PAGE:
Noah Fouad was a New Canaan kid who’d just graduated a private high school in Stamford when he discovered the thing he wanted to do most in life.
At the suggestion of a buddy, he filled out an application to become a volunteer firefighter when he turned 18, the minimum age.
The New Canaan firehouse immediately felt like home, Fouad said.
“I loved it right away,” he said. “I knew it was for me.”
Fouad now is 31 and a career firefighter in Wilton, not New Canaan, where he volunteered for six years, including in between college semesters, and learned the ropes from some good firefighters who are friends to this day.
Fouad didn’t get a job with the New Canaan Fire Department even though he’d been through volunteer training, earned his certification from the Connecticut Fire Academy – paying the $7,000 fee himself – and passed the New Canaan test twice.
“I put myself through the academy hoping to get a job in New Canaan,” said Fouad, a Boston native whose family moved to New Canaan when he was 8. “Usually the department pays for the academy, but there were no openings at the time, and I knew departments see it as a big plus if you’re trained and certified when you’re looking to get hired.”
He doesn’t know whether he wasn’t hired because he’s Black, Fouad said. He did not have bad experiences coming of age in New Canaan.
“It’s a nice place to grow up,” he said. “It’s safe. We had a big backyard. Are there things I wish were different? Yes. But I went to a good school and didn’t have any issues.”
That was true until, after college, he tried to get a job in the place he loved, the New Canaan Fire Department, a hybrid system of volunteer and paid firefighters.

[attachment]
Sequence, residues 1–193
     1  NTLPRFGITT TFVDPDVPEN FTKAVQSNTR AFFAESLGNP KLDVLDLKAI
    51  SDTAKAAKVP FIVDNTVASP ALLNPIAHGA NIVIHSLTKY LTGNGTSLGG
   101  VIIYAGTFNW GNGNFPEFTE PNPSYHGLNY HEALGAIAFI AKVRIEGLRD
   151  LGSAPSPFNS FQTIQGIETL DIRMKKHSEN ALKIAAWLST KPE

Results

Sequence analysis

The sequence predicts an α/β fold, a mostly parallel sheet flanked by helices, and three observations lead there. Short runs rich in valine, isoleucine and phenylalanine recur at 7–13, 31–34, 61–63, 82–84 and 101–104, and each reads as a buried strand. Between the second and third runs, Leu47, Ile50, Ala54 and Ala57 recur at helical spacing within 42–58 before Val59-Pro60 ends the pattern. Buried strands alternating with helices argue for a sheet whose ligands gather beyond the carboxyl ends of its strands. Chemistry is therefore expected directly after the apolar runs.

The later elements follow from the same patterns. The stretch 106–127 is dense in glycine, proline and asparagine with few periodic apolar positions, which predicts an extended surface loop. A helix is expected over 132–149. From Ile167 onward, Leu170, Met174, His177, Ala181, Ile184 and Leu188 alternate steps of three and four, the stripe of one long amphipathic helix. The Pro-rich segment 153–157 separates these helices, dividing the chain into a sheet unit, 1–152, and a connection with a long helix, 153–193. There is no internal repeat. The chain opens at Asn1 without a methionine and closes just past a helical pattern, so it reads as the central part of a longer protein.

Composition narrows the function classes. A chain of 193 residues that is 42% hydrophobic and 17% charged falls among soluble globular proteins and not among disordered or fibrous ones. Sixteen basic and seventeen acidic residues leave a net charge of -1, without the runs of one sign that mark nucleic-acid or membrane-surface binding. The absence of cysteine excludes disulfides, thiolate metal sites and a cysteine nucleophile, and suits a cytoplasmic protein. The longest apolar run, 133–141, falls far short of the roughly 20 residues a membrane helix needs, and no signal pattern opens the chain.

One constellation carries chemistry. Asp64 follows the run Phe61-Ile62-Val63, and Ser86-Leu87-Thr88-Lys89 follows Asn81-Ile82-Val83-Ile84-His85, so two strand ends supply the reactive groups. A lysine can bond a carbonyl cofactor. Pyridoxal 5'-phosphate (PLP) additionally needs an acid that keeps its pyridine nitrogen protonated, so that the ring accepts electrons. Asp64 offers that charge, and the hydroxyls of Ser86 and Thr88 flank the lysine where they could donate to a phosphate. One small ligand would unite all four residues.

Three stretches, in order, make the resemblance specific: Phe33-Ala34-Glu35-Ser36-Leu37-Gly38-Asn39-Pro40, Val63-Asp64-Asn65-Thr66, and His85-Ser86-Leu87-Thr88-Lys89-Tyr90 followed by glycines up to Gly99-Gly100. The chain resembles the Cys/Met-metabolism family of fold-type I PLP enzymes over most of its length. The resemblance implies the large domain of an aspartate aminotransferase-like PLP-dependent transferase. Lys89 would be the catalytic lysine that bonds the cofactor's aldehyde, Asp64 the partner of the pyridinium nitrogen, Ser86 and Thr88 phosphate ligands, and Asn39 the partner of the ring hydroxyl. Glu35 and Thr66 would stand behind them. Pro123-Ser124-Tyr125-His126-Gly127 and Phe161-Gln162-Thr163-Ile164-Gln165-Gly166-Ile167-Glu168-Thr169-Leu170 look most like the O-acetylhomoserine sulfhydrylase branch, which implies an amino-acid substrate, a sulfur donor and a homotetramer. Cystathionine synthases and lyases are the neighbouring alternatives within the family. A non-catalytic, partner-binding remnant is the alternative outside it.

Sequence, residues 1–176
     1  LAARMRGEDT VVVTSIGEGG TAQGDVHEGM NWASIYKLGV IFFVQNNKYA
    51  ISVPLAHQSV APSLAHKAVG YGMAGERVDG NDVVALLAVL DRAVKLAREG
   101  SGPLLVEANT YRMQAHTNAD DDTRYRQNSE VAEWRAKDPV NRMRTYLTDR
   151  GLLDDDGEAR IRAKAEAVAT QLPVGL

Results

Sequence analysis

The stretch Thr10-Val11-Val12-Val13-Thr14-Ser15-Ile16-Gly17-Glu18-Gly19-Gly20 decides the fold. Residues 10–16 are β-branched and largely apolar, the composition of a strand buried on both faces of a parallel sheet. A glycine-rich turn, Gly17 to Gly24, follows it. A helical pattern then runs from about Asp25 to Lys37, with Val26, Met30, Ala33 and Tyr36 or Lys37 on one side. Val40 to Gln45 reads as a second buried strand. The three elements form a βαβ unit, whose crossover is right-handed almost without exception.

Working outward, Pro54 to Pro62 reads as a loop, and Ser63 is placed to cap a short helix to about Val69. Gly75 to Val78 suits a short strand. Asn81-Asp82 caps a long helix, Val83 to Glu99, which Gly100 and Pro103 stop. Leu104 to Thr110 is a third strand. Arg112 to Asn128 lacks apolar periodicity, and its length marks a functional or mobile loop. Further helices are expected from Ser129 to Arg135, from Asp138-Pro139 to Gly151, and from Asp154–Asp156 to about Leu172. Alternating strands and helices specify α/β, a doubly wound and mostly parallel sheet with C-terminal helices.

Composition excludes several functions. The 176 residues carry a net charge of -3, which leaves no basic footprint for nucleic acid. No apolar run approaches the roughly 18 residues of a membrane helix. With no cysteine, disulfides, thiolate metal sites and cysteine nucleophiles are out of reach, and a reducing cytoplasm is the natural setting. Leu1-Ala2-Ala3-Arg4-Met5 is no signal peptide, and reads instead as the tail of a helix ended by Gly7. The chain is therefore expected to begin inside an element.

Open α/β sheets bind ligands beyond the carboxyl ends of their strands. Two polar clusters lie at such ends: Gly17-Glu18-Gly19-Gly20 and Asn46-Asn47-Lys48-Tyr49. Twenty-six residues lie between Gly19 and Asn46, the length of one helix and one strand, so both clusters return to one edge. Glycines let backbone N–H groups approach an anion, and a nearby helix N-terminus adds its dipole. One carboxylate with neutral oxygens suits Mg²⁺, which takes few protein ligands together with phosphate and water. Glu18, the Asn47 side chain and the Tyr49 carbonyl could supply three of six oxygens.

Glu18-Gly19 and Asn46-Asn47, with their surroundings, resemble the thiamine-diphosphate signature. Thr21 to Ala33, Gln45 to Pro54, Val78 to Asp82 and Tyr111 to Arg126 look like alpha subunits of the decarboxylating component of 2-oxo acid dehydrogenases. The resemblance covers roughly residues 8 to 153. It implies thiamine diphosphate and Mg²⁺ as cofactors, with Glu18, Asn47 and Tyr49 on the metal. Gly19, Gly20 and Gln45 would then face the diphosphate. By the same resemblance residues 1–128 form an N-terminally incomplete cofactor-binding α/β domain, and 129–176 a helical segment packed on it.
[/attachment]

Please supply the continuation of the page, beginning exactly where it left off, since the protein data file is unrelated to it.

On his first try, he was one of eight people taking the test to become a paid firefighter, Fouad said. He was one of two who passed.
“Then they said not enough people had passed it, so they were going to score it on a curve,” he said. “A third guy passed on the curve. They picked him even though he had the lowest score.”
The second time he took the firefighter’s test, the department did not release the scores.
“So I don’t know how I did,” Fouad said.
During the testing, he remained a volunteer. Three of the four shifts in the firehouse supported him, Fouad said.
“After it became clear that I would take the test, I saw that one group did not want me to get hired,” he said. “They were very careful to not say anything offensive in front of me, but I knew I was not welcome.”
He began taking firefighter’s tests in other towns, and soon was hired in Wilton.
Then, in 2020, Fouad learned of something that validated his feeling of being unwelcome.
A paid New Canaan Fire Department veteran named John Aniello, who’d been a friend to Fouad while he was a volunteer, filed a civil lawsuit against the town, charging nine counts that included discriminatory practices, hostile work environment, negligent supervision of employees, and retaliation in violation of the Civil Rights Act and the Fair Employment Practices Act.
Aniello, who is white, alleged that he was harassed in part because he called out racial bigotry, according to the lawsuit.
It states multiple times that Aniello “was subject to a hostile work environment, disparate treatment and other discriminatory conduct … because of his association with persons of another race.”